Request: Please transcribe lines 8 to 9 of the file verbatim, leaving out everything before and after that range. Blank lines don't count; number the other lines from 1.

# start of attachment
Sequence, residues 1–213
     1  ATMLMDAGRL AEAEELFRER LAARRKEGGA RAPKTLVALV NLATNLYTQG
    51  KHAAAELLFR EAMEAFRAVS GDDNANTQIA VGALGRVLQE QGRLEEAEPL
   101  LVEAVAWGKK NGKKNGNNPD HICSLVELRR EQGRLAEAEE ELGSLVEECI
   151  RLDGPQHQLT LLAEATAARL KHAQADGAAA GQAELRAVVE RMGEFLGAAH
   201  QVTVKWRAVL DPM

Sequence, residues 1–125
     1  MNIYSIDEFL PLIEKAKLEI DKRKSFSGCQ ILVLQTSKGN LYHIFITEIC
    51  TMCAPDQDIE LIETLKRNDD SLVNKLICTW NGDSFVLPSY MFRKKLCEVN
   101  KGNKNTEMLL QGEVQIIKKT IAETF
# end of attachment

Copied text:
     1  MNIYSIDEFL PLIEKAKLEI DKRKSFSGCQ ILVLQTSKGN LYHIFITEIC
    51  TMCAPDQDIE LIETLKRNDD SLVNKLICTW NGDSFVLPSY MFRKKLCEVN